IMR Press / EJGO / Volume 40 / Issue 5 / DOI: 10.12892/ejgo4902.2019
Open Access Original Research
GCDH contributes to better outcome and acts on chemoresistance and immune exclusion in cervical cancer
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1 Department of Obstetrics and Gynecology, The Fourth Affiliated Hospital of Anhui Medical University, Hefei, China
2 Department of Obstetrics and Gynecology, The First Affiliated Hospital of China, University of Science and Technology of China (Anhui Provincial Hospital), Hefei, China
3 Department of Obstetrics and Gynecology, The First Affiliated Hospital of Bengbu Medical College, Bengbu, China;
Eur. J. Gynaecol. Oncol. 2019, 40(5), 831–838;
Published: 10 October 2019

Aim: Cervical cancer is a major health problem in women and its genetic culprit remains inclusive. The authors aim to evaluate the role of glutaryl-CoA dehydrogenase (GCDH) in cervical cancer. Materials and Methods: Clinicopathological attribution of GCDH was queried in silico using the human cancer genome atlas project (TCGA) and HPA database. In vitro studies using cell lines and nude mice were used to examine the therapeutic potential of targeting GCDH. Results: GCDH expression was significantly higher in cancer tissue compared with normal cervical tissue. Cervical cancer patients with overexpressed GCDH had significantly better overall survival. Functional annotation indicated enrichment in cell-cycle regulatory pathway. Knockdown (KD) and overexpression (OE) of GCDH-induced increased and decreased proliferation, respectively. Similar results were also obtained in cell-cycle arrest, invasion, migration, and colony formation assays, but having no effect on cell apoptosis. To understand the selection advantage of GCHD-overexpressed cases, the authors analyzed immunological profile in silico. Expression of GCDH correlated with that of IDO2, which was significantly associated with decreased immunity. GCDH-KD-induced decreased expression of IDO2, which also led to decreased kynurenine and tryptophan in culturing media. GCDH-OE promoted chemoresistance in cervical cancer cells due to cell-cycle arrest. GCDH-OE also significantly inhibited tumor growth in vivo yet showed partial resistance to chemotherapy, with increased level of IDO2 expression. Conclusion: GCDH is overexpressed in cervical cancer and represents a less aggressive phenotype of disease, which is also characterized with increased chemoresistance and immune exclusion. Inhibition of IDO2 could be of therapeutic potential.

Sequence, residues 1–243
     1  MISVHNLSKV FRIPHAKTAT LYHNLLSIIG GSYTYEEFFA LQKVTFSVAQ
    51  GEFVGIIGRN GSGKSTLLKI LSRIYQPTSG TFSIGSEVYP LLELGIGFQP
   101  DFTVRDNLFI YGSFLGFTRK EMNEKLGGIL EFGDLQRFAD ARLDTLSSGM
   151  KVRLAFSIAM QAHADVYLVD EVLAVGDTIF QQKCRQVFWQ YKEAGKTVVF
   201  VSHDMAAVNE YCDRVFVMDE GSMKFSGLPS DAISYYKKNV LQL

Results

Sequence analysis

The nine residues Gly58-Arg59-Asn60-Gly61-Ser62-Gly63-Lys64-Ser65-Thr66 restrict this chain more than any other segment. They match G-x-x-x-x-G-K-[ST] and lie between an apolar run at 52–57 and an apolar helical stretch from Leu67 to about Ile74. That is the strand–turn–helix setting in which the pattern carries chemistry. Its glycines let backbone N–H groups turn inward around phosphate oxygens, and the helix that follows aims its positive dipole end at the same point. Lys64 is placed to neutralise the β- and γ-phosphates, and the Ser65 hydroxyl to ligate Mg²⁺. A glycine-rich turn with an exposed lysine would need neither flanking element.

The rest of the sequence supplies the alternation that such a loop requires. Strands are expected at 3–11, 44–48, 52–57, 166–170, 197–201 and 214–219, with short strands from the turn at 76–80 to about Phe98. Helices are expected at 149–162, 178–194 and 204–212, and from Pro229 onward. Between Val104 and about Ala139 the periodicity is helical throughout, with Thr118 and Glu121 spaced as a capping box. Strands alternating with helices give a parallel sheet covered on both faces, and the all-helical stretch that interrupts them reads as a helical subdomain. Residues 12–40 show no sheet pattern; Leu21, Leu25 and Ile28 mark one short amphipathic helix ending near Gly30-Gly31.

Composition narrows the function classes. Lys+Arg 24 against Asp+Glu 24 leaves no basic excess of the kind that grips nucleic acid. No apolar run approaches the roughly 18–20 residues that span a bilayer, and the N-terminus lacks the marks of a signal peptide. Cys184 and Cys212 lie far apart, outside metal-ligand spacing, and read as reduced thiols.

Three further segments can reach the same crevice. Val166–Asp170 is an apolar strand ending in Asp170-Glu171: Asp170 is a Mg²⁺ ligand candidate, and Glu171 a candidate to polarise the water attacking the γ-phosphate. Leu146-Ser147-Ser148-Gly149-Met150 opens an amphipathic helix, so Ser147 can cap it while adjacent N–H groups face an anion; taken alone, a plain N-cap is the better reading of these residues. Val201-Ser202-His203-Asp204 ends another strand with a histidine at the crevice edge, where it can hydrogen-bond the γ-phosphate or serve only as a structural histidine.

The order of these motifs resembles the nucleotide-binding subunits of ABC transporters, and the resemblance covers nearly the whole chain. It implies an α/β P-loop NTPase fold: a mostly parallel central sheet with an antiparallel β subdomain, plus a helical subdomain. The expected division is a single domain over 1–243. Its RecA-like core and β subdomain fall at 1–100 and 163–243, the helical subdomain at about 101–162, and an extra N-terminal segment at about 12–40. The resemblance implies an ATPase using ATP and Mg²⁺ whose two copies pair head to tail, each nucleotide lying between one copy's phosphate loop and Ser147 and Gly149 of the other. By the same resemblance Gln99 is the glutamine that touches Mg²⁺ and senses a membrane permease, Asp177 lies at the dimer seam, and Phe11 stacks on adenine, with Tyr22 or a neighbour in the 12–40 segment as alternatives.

Cervical cancer
Immune exclusion
Figure 1.
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